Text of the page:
The fifth state champion, Tyler Berger, went to the University of Nebraska, where he was a three-time All-American and finished second in his weight class his senior year.

Sending five wrestlers to college from the same team is rare. Sending five to Division 1 is simply unheard of.

And the thing is that the Cowboys could easily have had more champions.

My photos of the event appear to show Gunnar Robirts pin his opponent in the first round. However, the fall was not awarded, and Robirts was eventually pinned late in the third round.

Heavyweight Jason Williams, who is now an assistant coach in the Cowboy program, also had an early lead before losing his championship match.

Brent Bannon (126), Hayden Bates (132), Brendan Harkey (160), and Clark Woodward (170) also finished second in the tournament.

As if five members of the same team wrestling in college wasn't enough, Bates, Harkey and Woodward also wrestled in college.

Other Cowboys to place in the tournament were Terran Libolt (106), Johnny Avina (113), Grayson Munn (132), Ryder Shinkle (138), Cole Ovens (145), John Crites (152), Aaron Swindle (182), Zach Smith (195) and Curtis Crouch (230).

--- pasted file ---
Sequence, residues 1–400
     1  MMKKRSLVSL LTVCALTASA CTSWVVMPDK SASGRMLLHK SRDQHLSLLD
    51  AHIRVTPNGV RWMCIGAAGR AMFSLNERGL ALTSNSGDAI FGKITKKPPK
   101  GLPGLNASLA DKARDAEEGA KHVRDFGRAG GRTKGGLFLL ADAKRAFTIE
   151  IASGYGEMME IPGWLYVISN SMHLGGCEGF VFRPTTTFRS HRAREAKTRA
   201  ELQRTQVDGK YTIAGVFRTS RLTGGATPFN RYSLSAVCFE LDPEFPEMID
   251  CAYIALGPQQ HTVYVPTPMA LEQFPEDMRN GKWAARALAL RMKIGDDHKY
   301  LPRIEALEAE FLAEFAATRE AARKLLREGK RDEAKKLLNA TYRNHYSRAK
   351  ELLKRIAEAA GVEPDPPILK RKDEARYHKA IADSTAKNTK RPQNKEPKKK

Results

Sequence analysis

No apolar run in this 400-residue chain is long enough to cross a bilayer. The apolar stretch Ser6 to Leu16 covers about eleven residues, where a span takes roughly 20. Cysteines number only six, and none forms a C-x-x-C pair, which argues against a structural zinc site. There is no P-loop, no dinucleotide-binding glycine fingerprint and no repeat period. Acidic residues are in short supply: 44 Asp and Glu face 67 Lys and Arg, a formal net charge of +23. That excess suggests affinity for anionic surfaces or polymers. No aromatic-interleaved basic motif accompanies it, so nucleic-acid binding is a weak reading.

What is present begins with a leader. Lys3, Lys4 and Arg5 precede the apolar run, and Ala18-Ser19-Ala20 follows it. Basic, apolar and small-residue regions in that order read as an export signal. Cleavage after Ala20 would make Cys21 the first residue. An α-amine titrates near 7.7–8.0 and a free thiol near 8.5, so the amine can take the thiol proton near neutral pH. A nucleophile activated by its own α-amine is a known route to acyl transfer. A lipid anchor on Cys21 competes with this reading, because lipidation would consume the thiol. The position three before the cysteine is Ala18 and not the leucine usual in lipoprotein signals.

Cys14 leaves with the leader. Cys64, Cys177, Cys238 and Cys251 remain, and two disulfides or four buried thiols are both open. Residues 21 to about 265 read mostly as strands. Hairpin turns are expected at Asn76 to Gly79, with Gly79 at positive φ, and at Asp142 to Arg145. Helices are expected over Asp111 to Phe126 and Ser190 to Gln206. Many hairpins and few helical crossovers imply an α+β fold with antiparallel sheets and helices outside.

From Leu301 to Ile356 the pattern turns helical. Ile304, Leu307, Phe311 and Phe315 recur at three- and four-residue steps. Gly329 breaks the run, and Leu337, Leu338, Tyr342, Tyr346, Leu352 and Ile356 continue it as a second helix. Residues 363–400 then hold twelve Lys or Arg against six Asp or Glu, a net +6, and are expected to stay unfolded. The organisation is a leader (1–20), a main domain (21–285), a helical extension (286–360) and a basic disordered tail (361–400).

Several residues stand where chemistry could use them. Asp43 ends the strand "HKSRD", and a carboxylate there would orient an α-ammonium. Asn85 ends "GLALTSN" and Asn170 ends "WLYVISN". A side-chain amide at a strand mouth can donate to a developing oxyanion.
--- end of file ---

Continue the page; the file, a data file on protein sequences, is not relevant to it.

Ovens, Shinkle and Libolt all wrestled briefly in college, while, like Williams, Munn and Smith work with the current CCHS wrestling program.

The all-classification scoring record may be broken someday as Class 6A now has 32-man brackets instead of 16 like the other divisions.

However, Newberg, which dominated this year's state tournament, wrapped up the title before the championship round even started, scoring just 310.5 points despite bringing 22 wrestlers to the state meet and placing 12.

Although several members of that team graduated, Crook County went on to win two more consecutive titles before being upset by a half-point by Sweet Home in 2017.

The Cowboys won another state title, this time at the Class 5A level in 2018, then finished second to Crescent Valley by just a point and a half in 2019.

Crook County should be proud of what those wrestlers accomplished and of what they are currently accomplishing as adults in the community.

It is Crescent Valley that is currently trying to create a dynasty much like the Cowboys. Right now, it looks like the Raiders have the advantage again next year. However, Crook County has been counted out before and still come out on top in the end, and the Cowboys return a strong group of wrestlers.

Next year could be interesting to watch.

Now, concerning things that make you go huh.

This week the OSAA released a memo regarding the coronavirus (COVID-19).